Does season or captivity influence the physiology of an endangered marsupial, the numbat (Myrmecobius fasciatus)?
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We examined the effects of season and captivity on several commonly measured physiological variables (body temperature, metabolic rate, thermal conductance, and evaporative water loss [EWL]) for the numbat (Myrmecobius fasciatus), an endangered myrmecophagous Australian marsupial, because the maintenance of a wild-type physiology may increase the likelihood of successful reintroduction of numbats into the wild. Our results indicate that the physiology of male captive numbats is representative of wild individuals, at least at thermoneutrality, except for some diet-related effects on substrate metabolism and thermoregulation. Season significantly influenced physiological variables, in particular basal metabolic rate (BMR) and EWL. BMR was 30–37% higher in winter than in summer, and EWL increased at a high ambient temperature (Ta) in winter, presumably reflecting seasonal differences in Ta, food availability, and water consumption. Seasonal variation in physiological responses of captive numbats was similar to that observed for wild numbats. We conclude that there is seasonal flexibility in the physiology of numbats, and that captivity under seminatural conditions does not compromise their basic physiology.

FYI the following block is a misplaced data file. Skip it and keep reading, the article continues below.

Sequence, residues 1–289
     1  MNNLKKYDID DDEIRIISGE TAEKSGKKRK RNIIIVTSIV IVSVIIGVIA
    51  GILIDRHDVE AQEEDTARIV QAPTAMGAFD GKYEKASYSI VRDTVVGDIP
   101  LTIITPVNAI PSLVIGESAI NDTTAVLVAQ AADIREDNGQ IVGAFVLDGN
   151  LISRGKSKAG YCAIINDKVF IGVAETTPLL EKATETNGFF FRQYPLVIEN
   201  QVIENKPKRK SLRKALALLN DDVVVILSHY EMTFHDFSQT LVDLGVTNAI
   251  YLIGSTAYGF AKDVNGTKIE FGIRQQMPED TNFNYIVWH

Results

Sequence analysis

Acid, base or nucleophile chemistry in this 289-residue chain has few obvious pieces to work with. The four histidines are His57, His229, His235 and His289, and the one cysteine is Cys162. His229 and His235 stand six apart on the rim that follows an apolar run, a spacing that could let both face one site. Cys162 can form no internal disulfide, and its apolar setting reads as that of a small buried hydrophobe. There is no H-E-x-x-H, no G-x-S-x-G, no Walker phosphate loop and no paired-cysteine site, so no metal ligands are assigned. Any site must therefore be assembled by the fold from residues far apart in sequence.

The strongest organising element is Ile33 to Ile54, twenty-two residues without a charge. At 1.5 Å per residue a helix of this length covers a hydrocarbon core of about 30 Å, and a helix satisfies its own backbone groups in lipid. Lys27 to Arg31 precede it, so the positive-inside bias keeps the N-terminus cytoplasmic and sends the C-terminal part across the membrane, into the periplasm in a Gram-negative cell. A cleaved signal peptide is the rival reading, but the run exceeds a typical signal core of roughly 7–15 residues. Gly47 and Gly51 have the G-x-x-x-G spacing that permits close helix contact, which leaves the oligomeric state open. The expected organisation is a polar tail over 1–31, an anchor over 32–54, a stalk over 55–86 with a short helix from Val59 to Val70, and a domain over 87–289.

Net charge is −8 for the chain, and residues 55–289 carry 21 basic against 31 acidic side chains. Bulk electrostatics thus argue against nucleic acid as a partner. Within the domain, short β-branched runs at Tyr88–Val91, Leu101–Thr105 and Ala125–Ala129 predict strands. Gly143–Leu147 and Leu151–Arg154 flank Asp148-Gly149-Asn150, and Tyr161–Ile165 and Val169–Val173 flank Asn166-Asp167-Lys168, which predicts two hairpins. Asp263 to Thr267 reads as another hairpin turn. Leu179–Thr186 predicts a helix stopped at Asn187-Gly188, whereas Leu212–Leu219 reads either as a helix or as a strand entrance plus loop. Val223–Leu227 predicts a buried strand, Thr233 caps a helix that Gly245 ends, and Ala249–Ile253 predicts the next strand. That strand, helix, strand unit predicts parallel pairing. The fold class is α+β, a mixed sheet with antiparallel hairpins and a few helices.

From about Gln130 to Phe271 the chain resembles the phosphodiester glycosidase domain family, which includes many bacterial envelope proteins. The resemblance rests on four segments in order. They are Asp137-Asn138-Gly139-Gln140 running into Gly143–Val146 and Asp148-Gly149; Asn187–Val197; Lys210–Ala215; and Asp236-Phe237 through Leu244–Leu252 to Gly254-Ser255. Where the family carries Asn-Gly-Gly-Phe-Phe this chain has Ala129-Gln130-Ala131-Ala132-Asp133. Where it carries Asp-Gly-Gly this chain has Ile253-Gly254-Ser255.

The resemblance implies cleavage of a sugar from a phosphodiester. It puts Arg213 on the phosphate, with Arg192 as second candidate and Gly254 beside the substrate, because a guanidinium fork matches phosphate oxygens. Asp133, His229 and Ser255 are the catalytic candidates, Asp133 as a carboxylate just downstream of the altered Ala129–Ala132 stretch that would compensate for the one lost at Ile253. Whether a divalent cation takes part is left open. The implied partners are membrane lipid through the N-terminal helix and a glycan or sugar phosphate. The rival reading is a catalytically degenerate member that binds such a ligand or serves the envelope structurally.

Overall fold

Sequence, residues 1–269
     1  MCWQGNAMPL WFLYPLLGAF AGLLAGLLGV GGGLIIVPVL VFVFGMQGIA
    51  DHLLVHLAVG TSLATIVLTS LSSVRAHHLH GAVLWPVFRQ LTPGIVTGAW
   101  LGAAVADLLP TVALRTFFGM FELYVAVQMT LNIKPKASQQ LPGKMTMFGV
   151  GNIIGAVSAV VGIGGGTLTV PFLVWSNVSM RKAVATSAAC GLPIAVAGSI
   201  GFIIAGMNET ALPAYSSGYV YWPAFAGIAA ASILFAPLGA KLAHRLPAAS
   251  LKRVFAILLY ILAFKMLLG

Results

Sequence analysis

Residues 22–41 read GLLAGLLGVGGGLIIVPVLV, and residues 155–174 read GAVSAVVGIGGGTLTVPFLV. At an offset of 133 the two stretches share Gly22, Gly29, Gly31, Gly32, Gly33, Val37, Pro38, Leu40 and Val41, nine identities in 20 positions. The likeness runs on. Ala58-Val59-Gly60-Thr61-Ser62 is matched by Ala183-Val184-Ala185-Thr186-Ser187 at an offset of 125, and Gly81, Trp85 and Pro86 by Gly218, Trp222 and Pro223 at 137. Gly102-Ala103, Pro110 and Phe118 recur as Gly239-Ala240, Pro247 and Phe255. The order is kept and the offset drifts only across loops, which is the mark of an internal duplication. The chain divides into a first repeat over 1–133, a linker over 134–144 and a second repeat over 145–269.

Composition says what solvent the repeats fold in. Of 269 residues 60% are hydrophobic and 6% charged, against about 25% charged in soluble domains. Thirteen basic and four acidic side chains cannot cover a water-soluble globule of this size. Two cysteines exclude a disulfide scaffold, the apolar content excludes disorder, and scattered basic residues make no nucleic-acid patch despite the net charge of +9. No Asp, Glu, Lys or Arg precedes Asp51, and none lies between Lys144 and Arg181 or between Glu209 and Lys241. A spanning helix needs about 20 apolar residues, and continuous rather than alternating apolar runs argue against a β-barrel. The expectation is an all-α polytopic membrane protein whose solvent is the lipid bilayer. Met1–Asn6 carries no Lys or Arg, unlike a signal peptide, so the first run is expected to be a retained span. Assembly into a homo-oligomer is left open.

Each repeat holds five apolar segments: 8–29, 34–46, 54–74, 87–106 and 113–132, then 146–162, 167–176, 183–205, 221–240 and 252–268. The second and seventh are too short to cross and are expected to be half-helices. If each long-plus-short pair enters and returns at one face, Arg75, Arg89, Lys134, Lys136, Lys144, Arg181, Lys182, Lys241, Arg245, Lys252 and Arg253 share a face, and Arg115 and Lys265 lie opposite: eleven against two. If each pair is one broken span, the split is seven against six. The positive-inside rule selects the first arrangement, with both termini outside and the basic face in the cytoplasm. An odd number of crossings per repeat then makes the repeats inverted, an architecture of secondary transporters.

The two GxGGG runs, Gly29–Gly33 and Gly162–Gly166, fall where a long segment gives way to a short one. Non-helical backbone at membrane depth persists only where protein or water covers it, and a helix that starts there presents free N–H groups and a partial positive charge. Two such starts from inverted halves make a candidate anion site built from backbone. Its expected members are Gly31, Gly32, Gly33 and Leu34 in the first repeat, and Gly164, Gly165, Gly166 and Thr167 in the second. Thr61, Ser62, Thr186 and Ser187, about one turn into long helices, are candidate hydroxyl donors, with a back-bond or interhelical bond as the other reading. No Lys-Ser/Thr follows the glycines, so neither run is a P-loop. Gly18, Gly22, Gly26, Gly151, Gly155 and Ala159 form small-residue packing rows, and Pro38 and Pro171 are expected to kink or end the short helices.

This is a pre-copyedited, author-produced PDF of an article accepted for publication in the Journal of Mammology following peer review. The version of record Cooper, C.E. and Withers, P.C. 2012. Does season or captivity influence the physiology of an endangered marsupial, the numbat (Myrmecobius fasciatus)? Journal of Mammalogy. 93 (3): pp. 771-777 is available online at: [insert URL that the author will receive upon publication here]. following peer review. The version of record Cooper, C.E. and Withers, P.C. 2012. Does season or captivity influence the physiology of an endangered marsupial, the numbat (Myrmecobius fasciatus)? Journal of Mammalogy. 93 (3): pp. 771-777 is available online at: http://jmammal.oxfordjournals.org/content/93/3/771
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